Just say no?

Council does not pass prohibition for recreational marijuana establishments

Nate Heffron, city manager, city of Negaunee

NEGAUNEE — A split vote of the Negaunee City Council means the city has left the door open for marijuana establishments.

Three councilmembers voted to approve a proposed ordinance prohibiting marijuana establishments, while three councilors voted against the measure on Thursday. Councilor Paul Maino was absent from the meeting.

Because the motion related to a proposed ordinance, City Manager Nate Heffron said a majority vote is required to adopt it.

“You have one council member missing,” Heffron said. “It was a tie vote, and in the case of a tie vote the ordinance cannot be passed.”

The ordinance, written in response to the Michigan Regulation and Taxation of Marihuana Act — which passed by popular vote in the Nov. 6 election — would have completely prohibited the sale of recreational marijuana within the boundaries of the city.

Michigan voters approved the recreational marijuana ballot proposal 56-44 percent, allowing state residents who are at least 21 to use, possess, grow up to 12 plants and buy marijuana for recreational use. It gives the Michigan Licensing and Regulatory Affairs department until Dec. 6 to come up with regulations for recreational marijuana establishments, according to the LARA website.

Councilor Don Gladwell said that while he does not agree with the use of marijuana he continues to be “on the fence” about whether the city should prohibit marijuana establishments.

“I am very leery that the state is going to get this done by the end of 2019 and I really don’t want to circumvent the will of the voters. I voted against it, but they voted it in,” Gladwell said. “I don’t want to stop any business coming in. I don’t want to see them, like our storage sheds, popping up all over the place, (but) I think we can regulate that through an ordinance. I guess, what would the harm be if we were to take the lead on this as one of the small municipalities in the state of Michigan and try to do this on our own and help the state? Because we know more about our communities than those guys downstate, that I can tell you.”

Jason Wallner, one of the three councilors who voted in favor of prohibition, said the ordinance would protect the city as they wait for the state to come up with regulations for the sale of marijuana according to the act.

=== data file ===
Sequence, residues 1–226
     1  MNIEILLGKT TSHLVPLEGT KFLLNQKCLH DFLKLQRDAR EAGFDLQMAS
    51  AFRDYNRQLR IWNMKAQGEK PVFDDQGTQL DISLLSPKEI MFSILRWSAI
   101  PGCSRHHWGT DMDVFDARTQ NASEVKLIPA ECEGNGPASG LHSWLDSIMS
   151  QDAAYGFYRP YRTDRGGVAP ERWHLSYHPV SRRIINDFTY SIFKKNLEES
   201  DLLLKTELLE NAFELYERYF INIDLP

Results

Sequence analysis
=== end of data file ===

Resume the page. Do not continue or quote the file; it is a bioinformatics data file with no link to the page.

“The reason that I am for this is we are not trying to circumvent what the voters said,” Wallner said. “This is what they want. It’s the will of the people … We are not prohibiting private use. It’s just a matter of taking caution, taking time … we can repeal this once the state gives us some guidelines and repeal it. Right now I think it’s more cautionary than anything to be able to do this.”

City Attorney Ray Odea agreed that the prohibition ordinance would not circumvent the will of Michigan voters.

“You know there is a lot of misconceptions, I think, running through the public that by us doing this we are somehow trying to supersede what the voters did back in November and that is not the case, OK? This new act gives the state one year to establish the licensing regulations for these kinds of facilities. Starting with do you need locks, what is your security like, what is your testing like, how are you going to run people through your facility, how much can they buy, how does the tax money get accounted for. That’s what the state is supposed be putting together. Similar to what they do for liquor establishments. But, I mean, those rules have been in place for a long time,” Odea said.

Heffron said the Negaunee Planning Commission had already taken up the issue in an effort to determine zoning for marijuana establishments in an effort to be proactive in advance of state regulations.

“We do have an additional ordinance that is within the planning commission’s hands right now, and they will be looking at that to determine where these establishments can be established with in the community since it is a zoning regulation process that we have to go through,” Heffron said. “Other than that, we are really going to have to look into other areas … communities in other states, since I don’t believe that there are any in the state of Michigan that have adopted anything, but we will have to see where this leads us and come back to the council and kind of figure out what direction they want to go in. Overall, I do feel that the state will come up with some type of process. They are going to want to get into this sooner than later, so overall, by the time we come up with our ordinance, they may have something in process.”